World Tuberculosis day 2017
World TUBERCULOSIS Day falls on March 24 every year, that aims to raise public awareness of tuberculosis and the efforts made to prevent and treat this disease. It marks the day in 1882 when Dr Robert Koch detected the cause of tuberculosis, the TB bacillus.
Theme for Tuberculosis day 2015
The global campaign for World Tuberculosis Day has had different themes and slogans over the years.
The theme of the World TB Day celebration of the year 2015 would be “Reach, Treat, Cure everyone”.
What is tuberculosis?
Tuberculosis is an infectious disease caused by various strains of Mycobacterium tuberculosis. Tuberculosis typically attacks the lungs, but can also affect other parts of the body. Tuberculosis is curable and preventable.
The most common symptoms of TB are:
- Coughing that lasts three or more weeks
- High temperature or fever
- Chest pain
- Cough, possibly with bloody mucus
- pain with breathing or coughing
- weight loss
- Night sweats
- Loss of appetite
How tuberculosis is transmitted?
- TB is primarily an airborne disease. The bacteria are spread from person to person in tiny microscopic droplets when a TB sufferer coughs, sneezes, speaks, sings, or laughs.
- Only people with active TB can spread the disease to others.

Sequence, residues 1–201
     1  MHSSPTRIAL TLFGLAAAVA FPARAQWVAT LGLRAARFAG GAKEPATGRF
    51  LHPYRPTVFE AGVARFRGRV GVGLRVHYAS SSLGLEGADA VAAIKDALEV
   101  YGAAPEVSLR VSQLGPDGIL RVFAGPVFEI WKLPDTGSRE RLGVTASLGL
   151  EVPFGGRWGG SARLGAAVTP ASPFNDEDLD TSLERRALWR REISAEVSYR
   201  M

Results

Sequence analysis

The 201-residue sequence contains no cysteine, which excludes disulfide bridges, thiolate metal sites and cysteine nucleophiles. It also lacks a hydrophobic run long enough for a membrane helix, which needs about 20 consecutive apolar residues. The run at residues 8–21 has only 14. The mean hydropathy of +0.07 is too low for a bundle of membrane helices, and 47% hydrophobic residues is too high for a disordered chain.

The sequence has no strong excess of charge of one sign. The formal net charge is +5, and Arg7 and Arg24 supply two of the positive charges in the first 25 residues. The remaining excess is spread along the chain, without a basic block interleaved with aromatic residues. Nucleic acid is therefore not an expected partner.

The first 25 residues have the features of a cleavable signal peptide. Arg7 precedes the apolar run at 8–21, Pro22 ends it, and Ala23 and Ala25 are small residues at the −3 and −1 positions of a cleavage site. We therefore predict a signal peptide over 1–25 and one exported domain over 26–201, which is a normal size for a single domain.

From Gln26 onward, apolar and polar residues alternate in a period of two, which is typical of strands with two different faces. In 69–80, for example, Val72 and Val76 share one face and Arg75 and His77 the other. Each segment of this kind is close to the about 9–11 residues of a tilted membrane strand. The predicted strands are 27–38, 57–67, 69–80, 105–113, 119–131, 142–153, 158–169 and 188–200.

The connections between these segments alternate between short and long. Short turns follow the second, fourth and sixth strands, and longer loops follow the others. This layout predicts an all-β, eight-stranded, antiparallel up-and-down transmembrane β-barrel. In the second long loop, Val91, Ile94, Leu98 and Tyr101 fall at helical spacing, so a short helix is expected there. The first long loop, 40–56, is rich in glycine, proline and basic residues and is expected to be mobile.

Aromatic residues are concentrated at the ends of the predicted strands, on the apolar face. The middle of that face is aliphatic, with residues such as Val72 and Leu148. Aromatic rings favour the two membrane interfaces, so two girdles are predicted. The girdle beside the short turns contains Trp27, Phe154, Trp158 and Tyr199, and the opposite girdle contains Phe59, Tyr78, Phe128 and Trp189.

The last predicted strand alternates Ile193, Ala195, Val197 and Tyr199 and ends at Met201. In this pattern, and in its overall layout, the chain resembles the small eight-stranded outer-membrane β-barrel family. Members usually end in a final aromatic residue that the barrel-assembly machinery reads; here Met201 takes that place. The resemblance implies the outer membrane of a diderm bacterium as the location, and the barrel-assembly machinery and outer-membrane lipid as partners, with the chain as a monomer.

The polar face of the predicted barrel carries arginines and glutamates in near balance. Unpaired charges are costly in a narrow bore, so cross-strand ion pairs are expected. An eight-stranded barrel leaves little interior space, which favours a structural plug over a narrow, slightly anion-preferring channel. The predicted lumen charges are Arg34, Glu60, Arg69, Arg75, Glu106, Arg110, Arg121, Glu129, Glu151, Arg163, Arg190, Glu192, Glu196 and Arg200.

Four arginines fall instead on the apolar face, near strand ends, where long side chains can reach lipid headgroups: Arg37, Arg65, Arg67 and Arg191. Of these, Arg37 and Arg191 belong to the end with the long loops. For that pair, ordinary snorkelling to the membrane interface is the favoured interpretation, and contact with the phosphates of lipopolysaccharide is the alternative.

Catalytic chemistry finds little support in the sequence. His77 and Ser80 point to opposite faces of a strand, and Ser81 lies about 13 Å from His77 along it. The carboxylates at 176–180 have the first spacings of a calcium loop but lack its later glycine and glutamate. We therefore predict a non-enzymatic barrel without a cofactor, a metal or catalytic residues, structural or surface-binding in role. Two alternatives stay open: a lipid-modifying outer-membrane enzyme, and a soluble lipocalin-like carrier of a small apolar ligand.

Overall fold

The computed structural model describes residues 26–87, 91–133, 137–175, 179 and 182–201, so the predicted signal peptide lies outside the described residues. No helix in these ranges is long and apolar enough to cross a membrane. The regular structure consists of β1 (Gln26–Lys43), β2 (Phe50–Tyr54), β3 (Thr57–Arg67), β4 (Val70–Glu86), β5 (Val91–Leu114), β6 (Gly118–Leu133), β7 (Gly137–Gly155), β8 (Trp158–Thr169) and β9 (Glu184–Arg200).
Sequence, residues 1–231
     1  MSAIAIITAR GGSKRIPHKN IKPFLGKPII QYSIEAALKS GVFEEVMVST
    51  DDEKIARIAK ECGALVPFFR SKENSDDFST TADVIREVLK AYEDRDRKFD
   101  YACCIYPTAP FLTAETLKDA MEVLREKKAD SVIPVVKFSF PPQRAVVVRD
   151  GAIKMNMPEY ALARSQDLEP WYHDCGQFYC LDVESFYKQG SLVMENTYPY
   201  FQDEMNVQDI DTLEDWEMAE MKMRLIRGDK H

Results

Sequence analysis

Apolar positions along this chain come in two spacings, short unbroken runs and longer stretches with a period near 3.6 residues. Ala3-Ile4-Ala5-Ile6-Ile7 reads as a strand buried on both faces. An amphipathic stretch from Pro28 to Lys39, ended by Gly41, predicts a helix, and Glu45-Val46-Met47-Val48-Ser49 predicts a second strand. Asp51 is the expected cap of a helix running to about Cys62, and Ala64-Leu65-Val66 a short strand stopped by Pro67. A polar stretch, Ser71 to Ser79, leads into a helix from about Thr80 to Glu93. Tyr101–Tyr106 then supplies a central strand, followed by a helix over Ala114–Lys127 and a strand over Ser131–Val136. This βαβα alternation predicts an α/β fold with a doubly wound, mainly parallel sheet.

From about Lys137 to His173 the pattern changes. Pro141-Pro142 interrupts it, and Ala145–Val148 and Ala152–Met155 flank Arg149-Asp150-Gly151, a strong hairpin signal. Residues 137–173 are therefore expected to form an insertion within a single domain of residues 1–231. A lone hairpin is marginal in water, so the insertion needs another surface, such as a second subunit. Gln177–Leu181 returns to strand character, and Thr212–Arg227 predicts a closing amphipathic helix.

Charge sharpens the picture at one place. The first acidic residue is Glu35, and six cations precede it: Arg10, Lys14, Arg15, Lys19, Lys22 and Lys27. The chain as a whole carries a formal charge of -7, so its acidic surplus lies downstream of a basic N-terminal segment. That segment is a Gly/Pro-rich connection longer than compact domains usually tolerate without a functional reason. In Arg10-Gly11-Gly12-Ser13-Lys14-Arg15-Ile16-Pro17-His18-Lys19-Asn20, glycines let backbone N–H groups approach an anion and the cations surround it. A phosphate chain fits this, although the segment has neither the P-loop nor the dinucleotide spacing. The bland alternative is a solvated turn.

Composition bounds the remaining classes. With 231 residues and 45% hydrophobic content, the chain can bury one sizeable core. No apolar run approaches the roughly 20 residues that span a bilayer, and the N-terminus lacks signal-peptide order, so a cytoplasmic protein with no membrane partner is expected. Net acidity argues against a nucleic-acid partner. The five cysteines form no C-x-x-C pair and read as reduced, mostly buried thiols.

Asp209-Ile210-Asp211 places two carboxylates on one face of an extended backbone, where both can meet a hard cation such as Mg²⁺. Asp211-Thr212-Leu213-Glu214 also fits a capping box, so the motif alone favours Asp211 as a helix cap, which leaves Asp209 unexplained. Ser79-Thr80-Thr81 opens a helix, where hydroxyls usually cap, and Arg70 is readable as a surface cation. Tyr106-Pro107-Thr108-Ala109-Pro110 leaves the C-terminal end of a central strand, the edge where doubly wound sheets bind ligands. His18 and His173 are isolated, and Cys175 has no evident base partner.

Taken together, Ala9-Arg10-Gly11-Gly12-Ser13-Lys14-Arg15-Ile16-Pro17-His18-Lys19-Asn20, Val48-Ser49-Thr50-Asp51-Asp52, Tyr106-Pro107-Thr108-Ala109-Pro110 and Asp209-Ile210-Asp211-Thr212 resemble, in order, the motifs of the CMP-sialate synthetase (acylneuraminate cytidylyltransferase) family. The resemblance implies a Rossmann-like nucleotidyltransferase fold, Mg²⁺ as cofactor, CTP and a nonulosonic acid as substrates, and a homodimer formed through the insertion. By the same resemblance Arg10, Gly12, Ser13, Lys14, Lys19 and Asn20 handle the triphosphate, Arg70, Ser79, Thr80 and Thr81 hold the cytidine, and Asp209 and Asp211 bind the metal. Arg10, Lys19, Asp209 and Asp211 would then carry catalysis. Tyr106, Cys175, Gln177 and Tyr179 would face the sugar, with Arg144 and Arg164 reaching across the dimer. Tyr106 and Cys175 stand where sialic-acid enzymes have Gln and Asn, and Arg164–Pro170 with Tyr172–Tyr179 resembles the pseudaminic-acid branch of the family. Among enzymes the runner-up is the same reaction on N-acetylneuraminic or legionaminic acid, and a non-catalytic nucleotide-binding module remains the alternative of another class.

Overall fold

- The amount of time, the environment, and how sick the person is all contribute to whether or not you get infected
- In most cases, your body is able to fight off the germs
Tuberculosis remains an epidemic in much of the world, causing the deaths of nearly one-and-a-half million people each year, mostly in developing countries.
TB is NOT spread by
- skin contact like shaking someone’s hand
- sharing food or drink
- touching bed linens or toilet seats
- sharing toothbrushes
- Using public telephones
Some people at higher risk for developing active TB are:
- Infants and children aged less than 4 years
- People infected with HIV
- People who became infected with TB bacteria in the last 2 years
- People who inject illegal drugs
- People who work closely or live close to a person with infectious tuberculosis.
- Persons who have poor nutritional status
- People with diabetes, and people with chronic renal failure
- People with weakened immune system
- Elderly people
- People who were not treated correctly for TB in the past
- Avoid exposing yourself to people with active TB
- Lead a healthy lifestyle
- People with latent tuberculosis infection — when there are no symptoms or active disease — should take medication to prevent it from becoming active tuberculosis disease.
- People with TB should take all medications as required.
- People at risk for or who have been in contact with people with tuberculosis infection should be tested.
- Work on improving your immunity by including diet rich in antioxidants.